Ticagrelor and aspirin taken post stroke may decrease the risk of recurrent stroke

1. Ticagrelor and aspirin taken after a mild-to-moderate acute non-cardioembolic stroke or high-risk transient ischemic attack led to a lower rate of subsequent stroke within 30 days.

2. The incidence of overall disability at 30 days did not differ between groups.

Evidence Rating Level: 1 (Excellent)

Study Rundown: Following an acute ischemic stroke or transient ischemic attack (TIA), the risk of a subsequent ischemic stroke is estimated to be 5-10% within the first few months. A number of trials have sought to examine the role of antiplatelet agents to mitigate such a risk. Ticagrelor is a P2Y-12 inhibitor increasingly employed as part of dual antiplatelet therapy (DAPT) following myocardial infarction and coronary reperfusion. Evidence from prior subgroup analyses has suggested its potential benefit when used in combination with aspirin after an ischemic stroke. This multi-center, placebo-controlled, randomized controlled trial found use of aspirin and ticagrelor following a mild-moderate acute non-cardioembolic stroke or TIA to reduce the composite risk of stroke or death within thirty days when compared with use of aspirin alone. Such a finding provides further evidence in support of a short-term role of DAPT therapy following acute stroke, demonstrating a magnitude of benefit similarly exhibited in previous studies examining DAPT therapy within this setting. However, caution must be exercised in interpreting the study’s principal finding. The report of a reduced rate of stroke or death, while both included in the pre-defined primary outcome, fails to qualify the nearly equivalent all-cause mortality rate observed at thirty days in both groups. Differences in the presented primary outcome are explained largely by the reduced rate of ischemic stroke at 30 days. It should be noted there was no incident reduction in disability at 30 days between groups and a higher rate of severe bleeding – including rates of intracranial hemorrhage or fatal bleeding – was observed in those taking both aspirin and ticagrelor. The study may benefit from further characterization of functional outcomes to better delineate the risk, benefit profile.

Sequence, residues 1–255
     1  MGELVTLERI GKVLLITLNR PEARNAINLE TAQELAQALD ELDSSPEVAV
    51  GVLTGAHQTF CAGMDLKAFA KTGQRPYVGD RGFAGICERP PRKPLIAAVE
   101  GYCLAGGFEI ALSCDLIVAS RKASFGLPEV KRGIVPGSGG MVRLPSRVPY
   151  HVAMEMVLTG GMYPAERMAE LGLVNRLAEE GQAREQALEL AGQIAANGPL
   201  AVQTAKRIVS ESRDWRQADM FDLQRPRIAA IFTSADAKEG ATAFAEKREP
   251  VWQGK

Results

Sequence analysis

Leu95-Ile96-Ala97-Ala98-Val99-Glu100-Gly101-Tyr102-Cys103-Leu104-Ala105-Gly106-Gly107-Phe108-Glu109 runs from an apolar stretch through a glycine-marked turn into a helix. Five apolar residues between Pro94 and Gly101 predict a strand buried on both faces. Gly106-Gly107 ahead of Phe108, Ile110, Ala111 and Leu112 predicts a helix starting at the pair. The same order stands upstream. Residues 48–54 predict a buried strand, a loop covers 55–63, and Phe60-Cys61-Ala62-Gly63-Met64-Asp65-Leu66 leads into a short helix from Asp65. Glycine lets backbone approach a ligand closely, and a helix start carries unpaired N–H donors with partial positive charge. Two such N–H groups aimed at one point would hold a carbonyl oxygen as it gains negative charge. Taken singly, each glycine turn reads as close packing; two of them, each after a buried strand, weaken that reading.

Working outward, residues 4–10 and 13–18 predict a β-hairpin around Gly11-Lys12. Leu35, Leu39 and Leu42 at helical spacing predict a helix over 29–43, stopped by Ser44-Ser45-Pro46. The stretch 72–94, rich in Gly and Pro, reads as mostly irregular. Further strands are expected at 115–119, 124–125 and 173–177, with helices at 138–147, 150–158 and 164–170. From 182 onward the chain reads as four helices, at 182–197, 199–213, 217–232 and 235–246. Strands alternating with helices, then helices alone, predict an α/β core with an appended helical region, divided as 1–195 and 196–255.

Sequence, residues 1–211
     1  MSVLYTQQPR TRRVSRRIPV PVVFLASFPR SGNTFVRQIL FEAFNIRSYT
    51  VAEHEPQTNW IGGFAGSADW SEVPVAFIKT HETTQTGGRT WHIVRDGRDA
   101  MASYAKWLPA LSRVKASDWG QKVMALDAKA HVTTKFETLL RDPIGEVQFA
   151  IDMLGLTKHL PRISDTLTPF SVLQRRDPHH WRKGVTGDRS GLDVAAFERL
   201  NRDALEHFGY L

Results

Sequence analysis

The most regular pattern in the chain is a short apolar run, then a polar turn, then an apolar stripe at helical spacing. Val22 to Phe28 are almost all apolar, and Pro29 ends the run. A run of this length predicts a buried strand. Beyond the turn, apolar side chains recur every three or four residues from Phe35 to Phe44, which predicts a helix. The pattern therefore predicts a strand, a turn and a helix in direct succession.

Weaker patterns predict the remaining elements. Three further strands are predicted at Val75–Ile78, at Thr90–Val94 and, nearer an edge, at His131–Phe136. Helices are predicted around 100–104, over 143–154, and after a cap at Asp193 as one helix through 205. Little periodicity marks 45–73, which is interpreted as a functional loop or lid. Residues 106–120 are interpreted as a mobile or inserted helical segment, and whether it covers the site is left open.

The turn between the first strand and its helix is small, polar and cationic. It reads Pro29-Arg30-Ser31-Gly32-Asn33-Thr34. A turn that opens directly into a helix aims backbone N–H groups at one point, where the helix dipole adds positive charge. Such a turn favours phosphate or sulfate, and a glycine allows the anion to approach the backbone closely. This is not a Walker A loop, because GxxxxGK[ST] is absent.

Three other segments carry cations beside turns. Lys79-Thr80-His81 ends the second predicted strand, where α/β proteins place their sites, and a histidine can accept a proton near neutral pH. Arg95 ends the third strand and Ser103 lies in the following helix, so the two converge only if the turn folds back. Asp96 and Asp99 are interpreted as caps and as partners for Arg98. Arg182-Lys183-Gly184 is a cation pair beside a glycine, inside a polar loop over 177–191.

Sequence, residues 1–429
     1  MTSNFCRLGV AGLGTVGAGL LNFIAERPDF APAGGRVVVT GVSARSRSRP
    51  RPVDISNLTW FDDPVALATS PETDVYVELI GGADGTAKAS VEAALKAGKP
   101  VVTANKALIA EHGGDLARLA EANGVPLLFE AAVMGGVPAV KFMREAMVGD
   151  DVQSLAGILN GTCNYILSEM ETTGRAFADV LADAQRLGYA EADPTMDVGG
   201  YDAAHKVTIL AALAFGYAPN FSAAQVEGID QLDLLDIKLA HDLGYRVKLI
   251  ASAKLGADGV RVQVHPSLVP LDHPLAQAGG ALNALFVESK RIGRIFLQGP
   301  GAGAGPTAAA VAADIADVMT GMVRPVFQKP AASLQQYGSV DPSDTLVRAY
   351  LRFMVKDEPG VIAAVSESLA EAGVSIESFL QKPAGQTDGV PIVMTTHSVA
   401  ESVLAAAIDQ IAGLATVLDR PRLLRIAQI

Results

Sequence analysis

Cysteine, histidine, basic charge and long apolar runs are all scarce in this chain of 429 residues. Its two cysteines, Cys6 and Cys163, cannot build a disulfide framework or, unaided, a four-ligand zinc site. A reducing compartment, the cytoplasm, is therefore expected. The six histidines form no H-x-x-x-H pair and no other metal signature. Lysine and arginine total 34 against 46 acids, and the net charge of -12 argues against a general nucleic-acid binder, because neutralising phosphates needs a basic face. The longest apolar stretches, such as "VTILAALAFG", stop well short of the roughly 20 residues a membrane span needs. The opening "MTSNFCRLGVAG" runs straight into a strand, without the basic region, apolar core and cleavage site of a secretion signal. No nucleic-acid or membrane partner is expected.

Click here to read the study, published today in NEJM

Relevant Reading: Antiplatelet Therapy in Ischemic Stroke and Transient Ischemic Attack: An Overview of Major Trials and Meta-Analysis

In-Depth [randomized controlled trial]: A total of 11,016 patients were enrolled and underwent randomization across 414 sites in twenty-eight countries from January 2018 until October 2019. Patients were eligible if they were found to have a mild-to-moderate acute noncardioembolic ischemic stroke or a high-risk TIA and were not planned for an endovascular intervention, including thrombectomy or thrombolysis. Randomization occurred within twenty-four hours of symptom onset or last known normal. Subjects were loaded and maintained on either aspirin and ticagrelor or aspirin and placebo for at least thirty days, after which antiplatelet therapy was left to the discretion of study site investigators. Follow-up data was collected at approximately five, thirty, and sixty days following randomization.  The primary-outcome event rate, defined as a composite risk of stroke or death within 30 days of follow-up, was lower in those taking aspirin and ticagrelor (5.5%) when compared to those taking aspirin alone (6.6%), (HR 0.83, 95% CI 0.71-0.96). The rate of ischemic stroke was lower in those taking aspirin and ticagrelor group (5.0% vs 6.3%, HR 0.79, 95% CI 0.68-0.93). No significant difference was seen in the rate of death (HR 1.33, 95% CI 0.81-2.19) or overall disability at 30 days (OR 0.98, 95% CI 0.89-1.07). A higher rate of severe bleeding was seen in 0.5% of those in the ticagrelor group, compared to 0.1% in those taking placebo (HR 3.99, 95% CI 1.74-9.14). Permanent discontinuation due to bleeding or dyspnea occurred in 3.8% of those in the aspirin and ticagrelor group, compared to 0.8% in those taking aspirin alone.

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